Big box warehouse retailer Costco’s US parent company, Costco Wholesale Corporation, has reported its sales and earnings for the second quarter of its fiscal year (ending 31 August 2014) and for the half year to 16 February 2014.

Net sales for the quarter increased six per cent to $25.76 billion, the same growth rate as for sales in the half, which now total $50.22 billion. Net income for the quarter is down, however, from $547 million in the previous corresponding quarter to $463 million; a decline of 15.3 per cent. Net income for the half now stands at $888 million, down 7 per cent, year-on-year.

Costco does not break out its international sales by region, so it is not clear what the Australian business is performing, at least not in dollar terms. Taking all of Costco’s international regions as a whole, comparable sales (excluding gas price deflation and foreign exchange) were up 7 per cent.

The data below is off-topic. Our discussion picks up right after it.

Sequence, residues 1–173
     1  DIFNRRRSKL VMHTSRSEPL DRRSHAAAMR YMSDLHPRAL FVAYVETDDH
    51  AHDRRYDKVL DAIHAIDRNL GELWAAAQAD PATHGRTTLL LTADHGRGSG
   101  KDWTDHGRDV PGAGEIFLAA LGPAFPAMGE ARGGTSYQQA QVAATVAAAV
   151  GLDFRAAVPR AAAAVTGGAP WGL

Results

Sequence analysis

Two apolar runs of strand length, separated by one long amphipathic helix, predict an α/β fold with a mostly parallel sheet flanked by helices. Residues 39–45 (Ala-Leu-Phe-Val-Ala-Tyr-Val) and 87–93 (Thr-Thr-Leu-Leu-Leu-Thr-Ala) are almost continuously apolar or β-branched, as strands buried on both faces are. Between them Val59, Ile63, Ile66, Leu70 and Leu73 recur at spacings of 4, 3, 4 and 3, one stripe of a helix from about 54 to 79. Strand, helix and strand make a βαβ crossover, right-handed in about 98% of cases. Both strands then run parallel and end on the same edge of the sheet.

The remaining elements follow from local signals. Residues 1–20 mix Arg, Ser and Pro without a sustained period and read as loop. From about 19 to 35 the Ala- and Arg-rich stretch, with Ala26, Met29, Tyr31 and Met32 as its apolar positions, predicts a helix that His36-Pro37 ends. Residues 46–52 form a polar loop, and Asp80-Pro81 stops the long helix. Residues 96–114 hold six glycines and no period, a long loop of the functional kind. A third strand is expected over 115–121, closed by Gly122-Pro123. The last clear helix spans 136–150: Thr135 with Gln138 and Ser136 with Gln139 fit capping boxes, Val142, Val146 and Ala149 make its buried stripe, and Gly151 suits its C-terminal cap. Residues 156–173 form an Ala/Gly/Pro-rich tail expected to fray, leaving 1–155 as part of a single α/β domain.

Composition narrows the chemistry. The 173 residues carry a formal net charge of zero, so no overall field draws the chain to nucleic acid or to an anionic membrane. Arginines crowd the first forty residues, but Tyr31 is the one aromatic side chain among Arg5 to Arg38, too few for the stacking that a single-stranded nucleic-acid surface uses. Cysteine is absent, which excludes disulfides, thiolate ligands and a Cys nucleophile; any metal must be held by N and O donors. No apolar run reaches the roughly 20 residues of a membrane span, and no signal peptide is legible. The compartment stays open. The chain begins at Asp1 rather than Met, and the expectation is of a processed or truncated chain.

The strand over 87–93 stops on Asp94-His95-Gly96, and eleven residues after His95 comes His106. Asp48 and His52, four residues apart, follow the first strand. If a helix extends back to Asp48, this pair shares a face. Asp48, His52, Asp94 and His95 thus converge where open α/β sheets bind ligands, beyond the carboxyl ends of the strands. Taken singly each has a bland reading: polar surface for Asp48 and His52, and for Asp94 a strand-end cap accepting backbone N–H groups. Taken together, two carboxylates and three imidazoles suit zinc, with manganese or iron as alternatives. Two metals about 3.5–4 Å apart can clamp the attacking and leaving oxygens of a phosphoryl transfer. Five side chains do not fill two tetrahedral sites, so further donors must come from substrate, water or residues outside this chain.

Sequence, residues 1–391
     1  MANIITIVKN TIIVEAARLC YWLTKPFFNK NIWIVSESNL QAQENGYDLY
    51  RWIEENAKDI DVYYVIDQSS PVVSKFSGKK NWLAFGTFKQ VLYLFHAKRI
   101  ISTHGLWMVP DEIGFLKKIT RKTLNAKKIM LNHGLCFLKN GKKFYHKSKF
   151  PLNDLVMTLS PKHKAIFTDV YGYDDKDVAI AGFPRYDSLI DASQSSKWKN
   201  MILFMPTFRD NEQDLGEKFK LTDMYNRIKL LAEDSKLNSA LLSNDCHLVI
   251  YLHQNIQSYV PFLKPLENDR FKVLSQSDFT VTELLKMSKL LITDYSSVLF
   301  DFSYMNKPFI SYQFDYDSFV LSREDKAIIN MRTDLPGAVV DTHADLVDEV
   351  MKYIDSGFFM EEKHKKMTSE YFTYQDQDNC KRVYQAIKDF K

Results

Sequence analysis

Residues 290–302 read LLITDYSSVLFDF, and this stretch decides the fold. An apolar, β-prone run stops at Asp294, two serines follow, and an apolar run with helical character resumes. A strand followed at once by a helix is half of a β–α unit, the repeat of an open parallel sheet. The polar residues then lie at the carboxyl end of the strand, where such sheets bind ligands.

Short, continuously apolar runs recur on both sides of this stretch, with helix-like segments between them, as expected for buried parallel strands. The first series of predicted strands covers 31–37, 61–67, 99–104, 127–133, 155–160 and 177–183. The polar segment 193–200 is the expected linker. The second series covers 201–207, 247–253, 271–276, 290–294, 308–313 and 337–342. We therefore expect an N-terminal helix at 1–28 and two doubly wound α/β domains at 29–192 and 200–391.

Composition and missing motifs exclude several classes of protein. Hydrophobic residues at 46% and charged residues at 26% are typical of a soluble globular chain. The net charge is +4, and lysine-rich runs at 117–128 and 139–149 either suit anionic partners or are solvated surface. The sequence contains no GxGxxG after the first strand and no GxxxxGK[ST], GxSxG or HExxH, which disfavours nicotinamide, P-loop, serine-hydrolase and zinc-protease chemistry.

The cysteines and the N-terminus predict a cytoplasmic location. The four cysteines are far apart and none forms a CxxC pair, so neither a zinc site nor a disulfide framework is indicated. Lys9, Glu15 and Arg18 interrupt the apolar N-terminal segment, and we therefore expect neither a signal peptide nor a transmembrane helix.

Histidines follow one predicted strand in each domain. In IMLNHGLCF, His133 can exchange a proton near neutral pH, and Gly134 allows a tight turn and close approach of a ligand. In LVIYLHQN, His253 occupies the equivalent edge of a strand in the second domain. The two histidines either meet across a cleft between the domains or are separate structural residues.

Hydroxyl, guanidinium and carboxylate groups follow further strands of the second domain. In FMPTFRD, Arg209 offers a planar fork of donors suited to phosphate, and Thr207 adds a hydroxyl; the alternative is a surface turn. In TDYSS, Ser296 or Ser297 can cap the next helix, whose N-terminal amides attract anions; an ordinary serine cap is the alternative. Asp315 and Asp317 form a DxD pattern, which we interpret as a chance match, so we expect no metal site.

In a conference call with investors, CFO Richard Galanti confirmed that one more warehouse is expected to open in Australia before 31 August 2014, as well as new outlets in the United States, the United Kingdom, Japan, Canada and, for the first time, Spain.

Galanti was quizzed by investors as to whether membership fees were inhibiting growth in foreign markets. He said that while Costco was pushing for new members in international markets, including Australia, and was “looking at fees”, there were no plans to reduce the cost to join. Costco Australia charges $60 for individuals and $55 for business for a one-year membership, and you must be a member to shop at its five Australian stores (soon to be six when Costco North Lakes opens).

“We have the benefit in most countries of being the only club operator and we’ll continue to use that benefit,” Galanti said. “We’re looking at [fees] but we’re not in a hurry to do anything about it.”

Later in the conference call, Galanti said TV sales in the quarter were “overall pretty good”, but that camera sales “are down quite a bit” due to customers using their smartphones for image captures. Furthermore, Galanti described notebooks as “a tough spot”.